Rejection can hurt. There has been some research to suggest that the brain is affected in a similar way by physical pain and by rejection. From an evolutionary point of view, this makes sense. Our survival back in the day depended somewhat on our ability to work together in social groups. Being rejected by such groups could mean disaster. Nowadays, the ability to deal with rejection and to tolerate and learn from it is an exceptionally important skill.

One suggestion as to why rejection hurts as much as it does is that when we are rejected, we can interpret that to mean that we are not good enough. We are not good enough to be with a person or a group that we want to be with or convince a person of our or our product’s worth. We experience a negative evaluation of ourselves. Thus, we can realise our greatest fears may well be true. The inner voice that says the most horrible things to you when you are at your worst may well be correct. That is what we are terrified of.

However, there is a different way to think about this. Rejection is not really about you. It is about the perception of you, your product or service that the other person has in their head. Their perception is made up of a combination of their past experiences, learned behaviour, personal preferences, emotional linkage and, most of the time, a very limited exposure to you and how you communicate to them.

Let’s go through each one of these. A person’s past experience could make them distrust someone asking them out in a dating sense or any salesperson in a business context. They may well have had an experience in the past where someone let them down so they play it safe by saying no. In terms of learned behaviour, sometimes people find themselves feeling more powerful when they get the ability to say no. It makes them feel more valuable themselves so they reject not because of you but because they have learned it helps them feel better about themselves.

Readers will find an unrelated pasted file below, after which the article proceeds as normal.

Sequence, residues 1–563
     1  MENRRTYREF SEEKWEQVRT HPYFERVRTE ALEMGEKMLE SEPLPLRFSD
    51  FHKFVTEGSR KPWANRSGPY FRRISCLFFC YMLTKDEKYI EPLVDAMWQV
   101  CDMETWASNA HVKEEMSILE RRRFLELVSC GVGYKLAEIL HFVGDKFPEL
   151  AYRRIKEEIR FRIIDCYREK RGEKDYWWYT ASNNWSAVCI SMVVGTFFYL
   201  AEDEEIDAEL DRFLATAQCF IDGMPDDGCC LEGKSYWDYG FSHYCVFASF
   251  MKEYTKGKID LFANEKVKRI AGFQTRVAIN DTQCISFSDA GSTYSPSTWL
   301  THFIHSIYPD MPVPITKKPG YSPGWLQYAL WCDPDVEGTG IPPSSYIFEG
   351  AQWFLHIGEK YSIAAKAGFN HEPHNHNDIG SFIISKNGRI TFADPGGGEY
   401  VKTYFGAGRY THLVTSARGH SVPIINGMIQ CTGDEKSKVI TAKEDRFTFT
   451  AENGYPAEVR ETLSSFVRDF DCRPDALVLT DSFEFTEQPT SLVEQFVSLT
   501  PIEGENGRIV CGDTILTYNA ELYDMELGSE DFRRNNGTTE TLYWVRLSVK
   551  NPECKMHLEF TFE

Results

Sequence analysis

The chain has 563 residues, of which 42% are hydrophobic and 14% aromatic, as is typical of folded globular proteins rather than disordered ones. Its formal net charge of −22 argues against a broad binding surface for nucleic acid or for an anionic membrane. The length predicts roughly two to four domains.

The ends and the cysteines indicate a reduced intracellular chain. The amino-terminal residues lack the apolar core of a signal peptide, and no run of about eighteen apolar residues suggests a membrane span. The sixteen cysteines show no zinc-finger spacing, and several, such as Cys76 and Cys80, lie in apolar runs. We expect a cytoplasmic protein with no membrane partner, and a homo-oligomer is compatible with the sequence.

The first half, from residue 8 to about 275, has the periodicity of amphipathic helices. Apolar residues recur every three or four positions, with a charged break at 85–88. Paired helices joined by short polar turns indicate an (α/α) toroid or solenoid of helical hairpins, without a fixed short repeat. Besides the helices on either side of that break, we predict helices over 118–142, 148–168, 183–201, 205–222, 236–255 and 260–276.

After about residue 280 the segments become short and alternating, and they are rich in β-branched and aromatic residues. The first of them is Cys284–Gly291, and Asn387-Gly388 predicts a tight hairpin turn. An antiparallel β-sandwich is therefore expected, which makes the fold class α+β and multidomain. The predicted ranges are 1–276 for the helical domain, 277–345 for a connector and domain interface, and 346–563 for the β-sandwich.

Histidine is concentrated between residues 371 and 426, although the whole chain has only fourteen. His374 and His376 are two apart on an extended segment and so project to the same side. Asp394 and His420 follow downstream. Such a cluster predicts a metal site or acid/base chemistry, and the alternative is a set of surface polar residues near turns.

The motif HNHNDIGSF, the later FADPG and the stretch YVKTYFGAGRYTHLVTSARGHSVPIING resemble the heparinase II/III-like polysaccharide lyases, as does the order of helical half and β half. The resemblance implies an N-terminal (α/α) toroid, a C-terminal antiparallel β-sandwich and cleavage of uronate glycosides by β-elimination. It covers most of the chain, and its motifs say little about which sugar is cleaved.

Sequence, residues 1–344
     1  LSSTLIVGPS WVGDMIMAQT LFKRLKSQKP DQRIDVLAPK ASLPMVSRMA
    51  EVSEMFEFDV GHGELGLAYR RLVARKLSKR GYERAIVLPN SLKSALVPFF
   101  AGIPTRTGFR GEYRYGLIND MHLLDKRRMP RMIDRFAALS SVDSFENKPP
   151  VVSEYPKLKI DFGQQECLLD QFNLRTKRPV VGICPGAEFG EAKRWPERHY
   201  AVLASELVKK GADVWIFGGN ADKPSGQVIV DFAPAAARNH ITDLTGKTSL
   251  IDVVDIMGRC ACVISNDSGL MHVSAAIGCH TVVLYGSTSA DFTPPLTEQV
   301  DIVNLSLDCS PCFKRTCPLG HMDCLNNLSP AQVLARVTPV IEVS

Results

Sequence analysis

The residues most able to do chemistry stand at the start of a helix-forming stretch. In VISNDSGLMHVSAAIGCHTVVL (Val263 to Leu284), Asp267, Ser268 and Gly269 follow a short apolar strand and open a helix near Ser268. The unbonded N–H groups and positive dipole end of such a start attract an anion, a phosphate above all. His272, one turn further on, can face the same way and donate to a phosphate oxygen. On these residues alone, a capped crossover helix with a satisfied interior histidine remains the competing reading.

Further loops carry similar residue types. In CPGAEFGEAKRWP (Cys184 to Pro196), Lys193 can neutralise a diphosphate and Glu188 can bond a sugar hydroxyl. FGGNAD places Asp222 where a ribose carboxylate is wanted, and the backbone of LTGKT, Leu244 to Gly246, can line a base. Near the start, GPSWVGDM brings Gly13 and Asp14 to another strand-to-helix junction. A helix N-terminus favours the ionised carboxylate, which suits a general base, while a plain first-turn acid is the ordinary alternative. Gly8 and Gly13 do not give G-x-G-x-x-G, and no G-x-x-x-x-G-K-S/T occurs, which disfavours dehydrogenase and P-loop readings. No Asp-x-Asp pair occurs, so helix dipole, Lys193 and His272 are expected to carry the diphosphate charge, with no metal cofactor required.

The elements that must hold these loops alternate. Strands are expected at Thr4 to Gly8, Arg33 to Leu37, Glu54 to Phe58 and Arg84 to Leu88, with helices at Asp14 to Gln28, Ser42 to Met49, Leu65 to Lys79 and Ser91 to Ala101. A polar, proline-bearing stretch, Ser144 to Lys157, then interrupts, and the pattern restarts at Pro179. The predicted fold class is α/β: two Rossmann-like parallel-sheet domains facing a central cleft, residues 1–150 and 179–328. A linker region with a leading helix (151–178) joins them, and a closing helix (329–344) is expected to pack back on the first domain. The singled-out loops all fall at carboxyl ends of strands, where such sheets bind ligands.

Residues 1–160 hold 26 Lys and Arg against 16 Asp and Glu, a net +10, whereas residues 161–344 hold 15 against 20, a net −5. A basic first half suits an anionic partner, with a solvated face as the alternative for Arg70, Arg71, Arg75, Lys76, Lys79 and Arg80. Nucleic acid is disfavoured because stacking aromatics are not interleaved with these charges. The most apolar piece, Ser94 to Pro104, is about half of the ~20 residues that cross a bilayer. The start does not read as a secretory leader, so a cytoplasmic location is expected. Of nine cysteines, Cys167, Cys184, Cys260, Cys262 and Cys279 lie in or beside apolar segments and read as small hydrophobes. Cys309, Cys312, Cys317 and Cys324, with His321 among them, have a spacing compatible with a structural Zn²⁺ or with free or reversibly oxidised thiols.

Sometimes a person’s preference is the issue. They don’t like people with brown hair or they don’t like muscular men or sedans or vegan food or whatever it is you are trying to get them to say yes to. The result of the conversation was always going to be no and the only way to change it is to change who you are or what you are talking about.

Emotional linkage means that, over time, they have experienced millions of moments in their life where certain things have affected their feelings and have become associated with those feelings. For example, in a relationship over time, they have been exposed to their own feelings at various points in the relationship so sometimes, they will fall out of love because the negative association to the other person outweighs the positive. This is not necessarily the other person’s fault. It is a shared fault of both parties and that is just the way things go sometimes. People are not left by their partner because they aren’t good enough for them. They are left because their partner no longer has the same feelings that made them want to stay together. This explains why, even when two friends know each other for years, a rejection still is not about you. It is about the chemical of cocktails that have linked feelings for the other person and their preferences for someone that they want to be in a relationship with.